Permafrost peatbog border in Storflaket, Abisko, Sweden. Source - Dentren, Wikimedia Commons.

Permafrost peatbog border in Storflaket, Abisko, Sweden. Source – Dentren, Wikimedia Commons.

Given the complexity of modelling permafrost, this means that we need a whole lot of data to verify our models. Air temperature is well recorded around the globe but we also need both spatial and temporal information on soil temperatures, microbial respiration and carbon fluxes from the ground to the atmosphere. Obtaining a good global coverage of all of these factors takes time, especially when we are talking about an annual process like permafrost thawing. More and more papers have been published in recent years and have populated our global dataset of permafrost-related data. Just last month, a study published in Nature provided new data on changes in the carbon stock in Greenland permafrost from 1996 to 2008, as well as results from laboratory thawing experiments.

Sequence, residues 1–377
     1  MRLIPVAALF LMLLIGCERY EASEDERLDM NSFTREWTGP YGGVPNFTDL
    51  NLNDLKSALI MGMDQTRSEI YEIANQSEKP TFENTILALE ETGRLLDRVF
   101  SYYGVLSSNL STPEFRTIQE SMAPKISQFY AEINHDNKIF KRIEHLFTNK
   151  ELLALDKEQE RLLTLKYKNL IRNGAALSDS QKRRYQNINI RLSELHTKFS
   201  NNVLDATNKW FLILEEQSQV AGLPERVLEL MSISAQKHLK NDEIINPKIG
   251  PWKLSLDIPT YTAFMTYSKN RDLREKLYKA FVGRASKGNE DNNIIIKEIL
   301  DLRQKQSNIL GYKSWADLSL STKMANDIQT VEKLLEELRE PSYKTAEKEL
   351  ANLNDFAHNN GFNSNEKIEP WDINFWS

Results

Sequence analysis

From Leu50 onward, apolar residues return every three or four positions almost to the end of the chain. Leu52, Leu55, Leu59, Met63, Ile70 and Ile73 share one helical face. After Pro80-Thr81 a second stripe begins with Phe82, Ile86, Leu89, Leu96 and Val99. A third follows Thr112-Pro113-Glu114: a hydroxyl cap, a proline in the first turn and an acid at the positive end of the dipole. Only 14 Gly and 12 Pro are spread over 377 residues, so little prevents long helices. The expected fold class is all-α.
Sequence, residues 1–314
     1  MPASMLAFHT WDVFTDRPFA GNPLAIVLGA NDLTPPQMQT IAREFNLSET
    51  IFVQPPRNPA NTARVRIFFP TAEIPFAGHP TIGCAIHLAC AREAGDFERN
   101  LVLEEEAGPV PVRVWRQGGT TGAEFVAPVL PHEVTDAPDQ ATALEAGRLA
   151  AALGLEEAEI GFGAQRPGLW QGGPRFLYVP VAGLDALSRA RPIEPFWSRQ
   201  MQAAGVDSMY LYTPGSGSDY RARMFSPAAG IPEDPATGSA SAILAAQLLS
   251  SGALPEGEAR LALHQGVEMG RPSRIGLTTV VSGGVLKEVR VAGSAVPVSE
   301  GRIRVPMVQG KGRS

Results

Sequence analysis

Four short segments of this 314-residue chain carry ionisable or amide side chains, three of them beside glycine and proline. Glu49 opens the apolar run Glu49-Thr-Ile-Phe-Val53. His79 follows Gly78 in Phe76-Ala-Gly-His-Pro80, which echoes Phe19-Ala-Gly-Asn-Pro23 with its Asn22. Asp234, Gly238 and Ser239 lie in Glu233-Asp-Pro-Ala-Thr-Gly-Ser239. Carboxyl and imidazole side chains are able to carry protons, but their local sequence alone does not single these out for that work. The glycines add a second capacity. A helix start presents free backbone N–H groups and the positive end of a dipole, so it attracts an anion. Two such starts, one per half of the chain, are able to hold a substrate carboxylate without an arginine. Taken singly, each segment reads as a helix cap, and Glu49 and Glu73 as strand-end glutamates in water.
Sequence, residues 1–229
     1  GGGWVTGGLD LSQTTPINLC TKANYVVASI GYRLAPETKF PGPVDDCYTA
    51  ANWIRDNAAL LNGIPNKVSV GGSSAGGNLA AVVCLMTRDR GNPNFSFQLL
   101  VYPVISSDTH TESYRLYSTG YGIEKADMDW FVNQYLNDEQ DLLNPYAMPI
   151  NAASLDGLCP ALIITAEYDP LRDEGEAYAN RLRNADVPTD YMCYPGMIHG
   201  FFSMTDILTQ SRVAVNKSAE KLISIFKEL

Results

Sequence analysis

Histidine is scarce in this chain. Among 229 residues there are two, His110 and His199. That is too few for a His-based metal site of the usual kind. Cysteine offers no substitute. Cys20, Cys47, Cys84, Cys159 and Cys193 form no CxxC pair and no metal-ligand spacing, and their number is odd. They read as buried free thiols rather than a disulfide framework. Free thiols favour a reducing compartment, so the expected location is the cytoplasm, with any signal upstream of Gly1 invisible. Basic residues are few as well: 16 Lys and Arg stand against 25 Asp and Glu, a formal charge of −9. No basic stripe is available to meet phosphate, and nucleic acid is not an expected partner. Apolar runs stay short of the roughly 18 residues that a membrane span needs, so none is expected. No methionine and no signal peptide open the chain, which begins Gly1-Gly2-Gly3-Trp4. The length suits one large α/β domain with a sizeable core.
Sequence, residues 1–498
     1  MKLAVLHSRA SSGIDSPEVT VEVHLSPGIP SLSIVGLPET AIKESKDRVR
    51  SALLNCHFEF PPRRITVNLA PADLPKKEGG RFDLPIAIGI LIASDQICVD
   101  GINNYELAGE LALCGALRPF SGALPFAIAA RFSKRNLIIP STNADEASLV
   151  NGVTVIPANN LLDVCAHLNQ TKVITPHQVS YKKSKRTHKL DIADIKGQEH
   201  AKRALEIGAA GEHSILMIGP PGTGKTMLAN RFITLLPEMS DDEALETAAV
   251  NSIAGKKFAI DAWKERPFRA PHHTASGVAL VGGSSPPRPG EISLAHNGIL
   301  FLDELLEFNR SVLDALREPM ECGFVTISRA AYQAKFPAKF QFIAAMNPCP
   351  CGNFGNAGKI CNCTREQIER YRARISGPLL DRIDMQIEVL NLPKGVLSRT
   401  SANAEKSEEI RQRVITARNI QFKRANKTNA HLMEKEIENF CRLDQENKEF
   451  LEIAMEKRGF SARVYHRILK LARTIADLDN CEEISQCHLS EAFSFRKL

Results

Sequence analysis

Dr Kevin Schaefer, from the National Snow and Ice Data Centre (NSIDC), is a bit of a pioneer in permafrost modelling. He helped me when I was working on improving my soil temperature model in Beijing and showed me how intricate the problem was and how much still needed to be improved to accurately simulate permafrost dynamics. He and his colleagues have been working on all aspects of permafrost science for some years now and their papers can provide much information on recent developments.

So the complex nature of permafrost, and the relative novelty of including permafrost in models, is why the range of estimates is still relatively wide. As with every type of model result, this is not to say that scientists disagree on the fundamental processes: there is plenty of frozen carbon, the Earth is warming, if it continues to do so the permafrost will thaw, thawing will eventually lead to a carbon release. We know it happened in the past (see this study published in Nature last year) and it can happen again.